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1819-1873; e.m. 1842

WM missionary, born at St. George's, Grenada, the son of a Scottish sea captain and 'a coloured lady of comparative intelligence and respectability'. He spent six years, 1826-1832, at a Scottish boarding school before entering on a commercial career back in Grenada. In 1845, under the aegis of T.B. Freeman, he began a lengthy ministry in West Africa, including the Gold Coast and the Ashanti Mission. He married a Ghanaian wife, a member of the Fante Akam royalty. In 1872 he was appointed Chairman of the District and General Superintendent of the Mission, but died on 11 October 1873, debilitated by fever.

His son Arthur Wharton (1865-1930), thought to have been the world’s first black professional association football player, was born in Jamestown on the Gold Coast. In 1882 he moved to England to train as a WM missionary, but abandoned this to become an all-round sportsman. In 1886 he set what was then world record for running the 100-yard sprint in ten seconds, and was also a cricketer and cyclist. He began his footballing career as a goalkeeper for Darlington and then played for Preston North End, reaching the FA Cup semi-final in 1886-7. In 1889 he joined Rotherham Town as a professional, moving to Sheffield United in 1894. Having developed a drink problem, his football career finally ended at Stockport County on 1897. He subsequently became a coal miner at Edlington and died a penniless alcoholic at Springfield House Sanatorium, Doncaster on 13 December 1930 and was interred in a then unmarked grave at Edlington.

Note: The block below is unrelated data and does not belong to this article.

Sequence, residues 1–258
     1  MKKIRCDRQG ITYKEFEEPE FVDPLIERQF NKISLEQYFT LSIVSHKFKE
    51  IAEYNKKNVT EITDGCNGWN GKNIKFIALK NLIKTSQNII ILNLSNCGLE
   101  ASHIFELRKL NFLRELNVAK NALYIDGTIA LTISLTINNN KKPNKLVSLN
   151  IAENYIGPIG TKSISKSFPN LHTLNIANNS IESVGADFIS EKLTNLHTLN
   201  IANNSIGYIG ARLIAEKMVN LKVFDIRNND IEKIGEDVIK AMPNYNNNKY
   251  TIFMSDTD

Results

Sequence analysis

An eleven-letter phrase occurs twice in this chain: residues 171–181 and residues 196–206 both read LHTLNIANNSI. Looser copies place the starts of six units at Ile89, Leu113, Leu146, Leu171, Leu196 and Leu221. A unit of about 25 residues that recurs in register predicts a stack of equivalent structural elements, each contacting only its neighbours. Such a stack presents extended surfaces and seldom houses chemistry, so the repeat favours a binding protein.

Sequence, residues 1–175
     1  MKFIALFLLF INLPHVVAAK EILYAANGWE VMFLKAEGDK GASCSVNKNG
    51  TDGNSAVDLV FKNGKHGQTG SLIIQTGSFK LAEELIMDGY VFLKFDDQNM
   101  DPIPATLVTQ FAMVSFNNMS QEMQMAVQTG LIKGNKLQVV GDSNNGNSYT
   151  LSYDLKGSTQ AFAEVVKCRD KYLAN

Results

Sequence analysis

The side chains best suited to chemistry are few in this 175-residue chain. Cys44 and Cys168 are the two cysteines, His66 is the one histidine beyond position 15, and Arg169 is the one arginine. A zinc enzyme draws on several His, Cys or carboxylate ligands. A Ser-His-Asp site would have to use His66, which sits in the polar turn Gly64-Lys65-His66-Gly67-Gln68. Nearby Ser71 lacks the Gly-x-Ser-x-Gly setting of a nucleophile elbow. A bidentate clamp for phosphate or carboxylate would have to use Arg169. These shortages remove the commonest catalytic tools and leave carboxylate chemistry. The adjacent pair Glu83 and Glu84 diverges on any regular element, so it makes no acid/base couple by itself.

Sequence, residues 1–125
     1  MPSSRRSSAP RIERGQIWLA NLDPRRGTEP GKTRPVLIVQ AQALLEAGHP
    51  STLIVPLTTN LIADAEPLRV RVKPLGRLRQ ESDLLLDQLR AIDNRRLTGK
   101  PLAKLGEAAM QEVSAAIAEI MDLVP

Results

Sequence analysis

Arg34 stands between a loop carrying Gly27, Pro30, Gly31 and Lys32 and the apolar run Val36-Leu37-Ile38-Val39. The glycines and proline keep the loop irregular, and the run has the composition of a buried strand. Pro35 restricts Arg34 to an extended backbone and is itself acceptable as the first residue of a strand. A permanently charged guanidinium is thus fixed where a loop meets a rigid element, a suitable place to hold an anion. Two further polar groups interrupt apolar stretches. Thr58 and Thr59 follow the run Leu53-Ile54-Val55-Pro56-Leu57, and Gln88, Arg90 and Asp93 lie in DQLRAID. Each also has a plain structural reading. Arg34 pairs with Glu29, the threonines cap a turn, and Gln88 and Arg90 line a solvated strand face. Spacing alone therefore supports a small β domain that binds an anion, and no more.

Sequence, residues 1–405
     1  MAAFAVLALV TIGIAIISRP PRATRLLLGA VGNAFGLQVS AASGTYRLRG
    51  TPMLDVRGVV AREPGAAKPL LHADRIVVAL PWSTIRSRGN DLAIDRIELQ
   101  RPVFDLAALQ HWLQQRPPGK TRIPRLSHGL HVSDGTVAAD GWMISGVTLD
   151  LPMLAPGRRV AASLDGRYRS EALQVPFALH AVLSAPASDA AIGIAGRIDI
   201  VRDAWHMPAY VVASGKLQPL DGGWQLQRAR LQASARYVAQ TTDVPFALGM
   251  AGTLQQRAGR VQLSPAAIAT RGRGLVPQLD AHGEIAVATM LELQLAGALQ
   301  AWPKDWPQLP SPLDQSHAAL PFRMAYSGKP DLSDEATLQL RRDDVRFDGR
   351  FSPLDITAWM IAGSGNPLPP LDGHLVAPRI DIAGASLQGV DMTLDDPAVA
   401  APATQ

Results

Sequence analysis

Sources

  • William Moister, Henry Wharton, the story of his life and missionary labours in the West indies, on the Gold Coast and in Ashanti (1875)

Entry written by: DCD
Category: Person

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